I think this tartiflette recipe needs to go in RecipeGullet. What kind of ham (looks like serrano) and how much? What kind of potatos, russets??, and how much? One glass of white wine,what kind (at my house it would be a glass of whatever is open at the moment). Looks like butter, salt and pepper as well. Anything else? I'm dying here, I need the details. And what the heck kind of cheese is that? I know we can see the lable, but there are three chances of finding that specific kind of cheese (other than the place you found it): (1) slim, (2) none, and (3) fat.
I wonder if it would be good with tasso ham?
I'm not going to look at these food blogs anymore if I'm going to be sent into some sort of carbohydrotic shock with pictures (people will think I have had a stroke, what with all the drool leaking down my chin) and no directions. If I had wanted that I could have bought something from Ikea.
bleudauvergne, your fans around the globe await.
PS: Can we assume the the piece of unidentified blue cheese upthread somewere is a hunk of bleu d'auvergne?
This is a good bunch of questions. Tartiflette is a dish from the Savoie. That should be the first guidance. The Savoie is a mountainous region, including the area around Mont Blanc, in the Alps. Local products there include Reblochon cheese, and Ham, cured and smoked. We went to ski there and to pick up the local products last weekend. Just because I went to the Savoie to get my reblochon and my ham does not mean that you have to. You might try Fromages.com
Just knowing the qualities of the ingredients, substitutions can give an equally satisfying result. Country cured ham from Virginia, for instance. Tasso - it would depend on the heat. This is not a spicy dish, there is only one clove of garlic which comes though prominently. Tasso might possibly overshadow the garlic. Then again, it really depends on the product that you have.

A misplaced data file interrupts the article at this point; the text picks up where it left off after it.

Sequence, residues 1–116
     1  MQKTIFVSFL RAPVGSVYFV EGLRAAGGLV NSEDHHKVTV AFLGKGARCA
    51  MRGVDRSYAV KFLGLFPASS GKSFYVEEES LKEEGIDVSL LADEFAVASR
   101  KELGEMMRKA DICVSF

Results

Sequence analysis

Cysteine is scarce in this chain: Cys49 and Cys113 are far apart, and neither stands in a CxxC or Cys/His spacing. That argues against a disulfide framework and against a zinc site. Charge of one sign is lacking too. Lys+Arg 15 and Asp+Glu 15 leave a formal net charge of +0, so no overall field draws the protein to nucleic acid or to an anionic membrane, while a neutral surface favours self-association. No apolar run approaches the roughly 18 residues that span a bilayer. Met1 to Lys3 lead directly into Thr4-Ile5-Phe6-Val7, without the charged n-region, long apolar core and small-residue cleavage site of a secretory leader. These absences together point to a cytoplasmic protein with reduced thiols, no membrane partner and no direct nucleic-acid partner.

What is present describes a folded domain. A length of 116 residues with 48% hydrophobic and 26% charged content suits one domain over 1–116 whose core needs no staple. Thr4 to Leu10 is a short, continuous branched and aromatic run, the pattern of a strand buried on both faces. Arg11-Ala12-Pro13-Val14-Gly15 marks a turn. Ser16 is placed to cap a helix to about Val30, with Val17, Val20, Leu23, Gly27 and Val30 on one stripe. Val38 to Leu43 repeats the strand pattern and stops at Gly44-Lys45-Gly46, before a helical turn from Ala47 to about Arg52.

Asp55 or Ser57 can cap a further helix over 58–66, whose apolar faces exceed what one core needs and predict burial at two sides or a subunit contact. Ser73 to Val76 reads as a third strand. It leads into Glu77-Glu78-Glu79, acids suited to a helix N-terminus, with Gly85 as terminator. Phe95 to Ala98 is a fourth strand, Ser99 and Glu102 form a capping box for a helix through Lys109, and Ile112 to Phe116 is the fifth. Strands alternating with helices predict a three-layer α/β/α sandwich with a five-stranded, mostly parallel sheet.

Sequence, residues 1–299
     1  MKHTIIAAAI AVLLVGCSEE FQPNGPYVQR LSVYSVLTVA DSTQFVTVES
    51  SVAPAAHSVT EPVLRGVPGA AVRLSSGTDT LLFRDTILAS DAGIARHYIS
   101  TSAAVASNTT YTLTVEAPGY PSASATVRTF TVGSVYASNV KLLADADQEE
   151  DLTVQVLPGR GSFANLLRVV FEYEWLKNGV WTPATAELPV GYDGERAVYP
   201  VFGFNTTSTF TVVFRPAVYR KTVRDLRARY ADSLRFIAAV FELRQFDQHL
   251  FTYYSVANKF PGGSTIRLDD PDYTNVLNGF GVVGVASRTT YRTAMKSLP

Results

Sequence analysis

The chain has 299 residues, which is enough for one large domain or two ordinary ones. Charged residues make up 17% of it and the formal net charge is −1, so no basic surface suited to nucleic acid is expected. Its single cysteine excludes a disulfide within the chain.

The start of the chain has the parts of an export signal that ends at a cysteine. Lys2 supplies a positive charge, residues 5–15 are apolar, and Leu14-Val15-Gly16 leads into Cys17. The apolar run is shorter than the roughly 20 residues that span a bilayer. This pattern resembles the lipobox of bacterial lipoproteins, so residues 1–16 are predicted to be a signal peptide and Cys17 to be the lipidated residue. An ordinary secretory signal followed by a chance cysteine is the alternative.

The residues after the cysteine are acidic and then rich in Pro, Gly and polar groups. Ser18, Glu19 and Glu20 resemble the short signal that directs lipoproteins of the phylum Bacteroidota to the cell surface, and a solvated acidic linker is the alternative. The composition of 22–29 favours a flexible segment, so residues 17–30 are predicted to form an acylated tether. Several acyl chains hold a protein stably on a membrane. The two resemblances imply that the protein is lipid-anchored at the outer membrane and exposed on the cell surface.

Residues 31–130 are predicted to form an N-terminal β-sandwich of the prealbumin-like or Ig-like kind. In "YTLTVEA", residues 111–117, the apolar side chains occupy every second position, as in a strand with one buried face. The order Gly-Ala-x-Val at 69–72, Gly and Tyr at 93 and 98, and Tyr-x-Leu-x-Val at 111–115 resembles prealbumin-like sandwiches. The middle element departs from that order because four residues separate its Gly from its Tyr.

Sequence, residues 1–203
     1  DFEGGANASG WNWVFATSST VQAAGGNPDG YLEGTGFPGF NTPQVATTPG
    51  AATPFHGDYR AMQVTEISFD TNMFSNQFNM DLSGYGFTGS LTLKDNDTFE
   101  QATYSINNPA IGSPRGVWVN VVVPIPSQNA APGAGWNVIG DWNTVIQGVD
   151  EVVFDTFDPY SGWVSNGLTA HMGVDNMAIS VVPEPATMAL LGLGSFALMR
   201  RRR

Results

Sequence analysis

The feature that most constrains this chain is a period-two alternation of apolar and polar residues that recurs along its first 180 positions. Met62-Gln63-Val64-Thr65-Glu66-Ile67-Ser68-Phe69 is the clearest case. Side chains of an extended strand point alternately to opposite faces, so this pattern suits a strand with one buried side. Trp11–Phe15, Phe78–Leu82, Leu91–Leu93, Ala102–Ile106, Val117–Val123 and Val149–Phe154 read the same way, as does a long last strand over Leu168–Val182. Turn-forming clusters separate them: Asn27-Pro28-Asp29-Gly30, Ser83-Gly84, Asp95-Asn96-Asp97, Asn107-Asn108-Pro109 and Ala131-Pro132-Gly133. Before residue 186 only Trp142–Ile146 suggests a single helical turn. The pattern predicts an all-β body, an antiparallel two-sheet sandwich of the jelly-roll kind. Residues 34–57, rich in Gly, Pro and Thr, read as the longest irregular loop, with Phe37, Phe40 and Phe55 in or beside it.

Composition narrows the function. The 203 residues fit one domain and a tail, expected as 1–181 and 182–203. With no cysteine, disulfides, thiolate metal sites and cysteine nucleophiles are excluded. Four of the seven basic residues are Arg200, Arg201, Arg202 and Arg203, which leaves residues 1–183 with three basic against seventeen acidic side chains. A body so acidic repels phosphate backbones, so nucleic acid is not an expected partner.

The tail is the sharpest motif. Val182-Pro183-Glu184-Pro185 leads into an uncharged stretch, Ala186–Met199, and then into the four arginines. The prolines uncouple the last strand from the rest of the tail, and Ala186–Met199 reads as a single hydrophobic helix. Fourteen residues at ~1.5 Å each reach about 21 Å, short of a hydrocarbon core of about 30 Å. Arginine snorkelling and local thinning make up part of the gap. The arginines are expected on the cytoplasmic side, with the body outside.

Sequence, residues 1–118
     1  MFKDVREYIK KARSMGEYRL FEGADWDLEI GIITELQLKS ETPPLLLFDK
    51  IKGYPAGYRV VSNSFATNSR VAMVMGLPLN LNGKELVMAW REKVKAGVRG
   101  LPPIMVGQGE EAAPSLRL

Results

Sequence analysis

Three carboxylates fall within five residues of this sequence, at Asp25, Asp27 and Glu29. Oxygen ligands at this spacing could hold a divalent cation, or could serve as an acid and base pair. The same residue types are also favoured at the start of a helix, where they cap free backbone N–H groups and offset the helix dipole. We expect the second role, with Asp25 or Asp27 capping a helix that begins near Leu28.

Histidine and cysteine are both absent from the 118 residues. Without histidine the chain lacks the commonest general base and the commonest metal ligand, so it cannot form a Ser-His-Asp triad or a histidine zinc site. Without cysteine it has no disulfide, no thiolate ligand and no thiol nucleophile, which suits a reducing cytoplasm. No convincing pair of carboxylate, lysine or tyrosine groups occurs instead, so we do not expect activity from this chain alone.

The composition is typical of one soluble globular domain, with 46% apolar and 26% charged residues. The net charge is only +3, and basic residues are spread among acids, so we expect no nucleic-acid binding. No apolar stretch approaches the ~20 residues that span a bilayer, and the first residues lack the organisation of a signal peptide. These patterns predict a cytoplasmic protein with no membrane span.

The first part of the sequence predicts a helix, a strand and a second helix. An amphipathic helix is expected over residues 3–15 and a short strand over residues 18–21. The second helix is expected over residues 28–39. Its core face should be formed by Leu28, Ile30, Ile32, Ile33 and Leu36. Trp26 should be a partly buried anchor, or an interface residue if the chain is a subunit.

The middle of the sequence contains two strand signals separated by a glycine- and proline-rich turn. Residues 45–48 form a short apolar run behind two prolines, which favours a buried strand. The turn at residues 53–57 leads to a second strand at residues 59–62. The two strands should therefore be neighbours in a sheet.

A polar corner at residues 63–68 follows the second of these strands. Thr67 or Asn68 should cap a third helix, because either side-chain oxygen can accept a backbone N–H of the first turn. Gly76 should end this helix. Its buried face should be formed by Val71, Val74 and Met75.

First about the cheese. You must not allow absence of this cheese in your local market to stop you from preparing something similar. You can choose other cheeses and make the same dish, and then call it something else. Reblochon fermier is an uncooked cheese made with lait cru, a semi soft cheese. When you want to cook something like this, think of soft cheeses. In France, people use other cheeses too, and give the same dish other names. My husband has had it prepared with Munster, while he was hiking in the mountain range where it is local there. You could also use a Camembert. Hmm. Epoissiflette.
About the rind: You leave the rind of the cheese on. When the dish cooks, the rind becomes a crispy treat to be eaten with the dish. Everyone should get a piece of the rind. Depending on the age and type of the cheese, some people feel more comfortable scraping the rind of the cheese before using it, with the blade of a knife to remove the excess fungus. I did not do that last night, but sometimes I do. It's a judgement call.
The ham: Jambon de Savoie, cured or smoked, is on sale in Alpine towns. We picked up this hunk of meat last weekend, and we have given it it’s own drawer of the fridge, where it is kept loosely wrapped in a dish towel to let it breathe. Many perfectly good recipes for tartiflette call simply for “lardons”, which is bacon cut into cubes. But early on in my tartiflette making, I began to think about the products local to that region, and what would have naturally be included in the dish at it’s origin. In my mind, this is a more true representation of what the tartiflette evolved from. Therefore I combine smoke cured ham and
bacon (poitrine fume) when I make it. That’s not to say that you have to. Tartiflette is perfectly good with thick sliced bacon.
In fact, when we went to the co-op to get this cheese, they had a recipe for tartiflette. Their recipe did not contain ham at all.
The potatoes I used were the kind that make good potato salad. They do not disintegrate when handled. I like to use an old potato. There is stirring involved, and they should hold up to that. That’s the only real requirement.
There are hundreds of different recipes out there. So instead of a recipe, you can make this dish with guidelines. I will weigh and measure and put a recipe in the gullet when the blog is done. Salt and pepper should be judged according to 1) the saltiness of your bacon, 2) what your creme fraiche tastes like and 3) how salty you like it.
Edited to say that you're right, this dish is enough to throw anyone into carb shock, so you include, in your meal planning, a nice brisk walk the next day. I work near the institute Paul Bocuse and have made a plan to walk there and take a stroll around the campus after lunch.
(I can't afford to eat in the student restaurant right now...)
Edited by bleudauvergne, 20 April 2004 - 01:58 AM.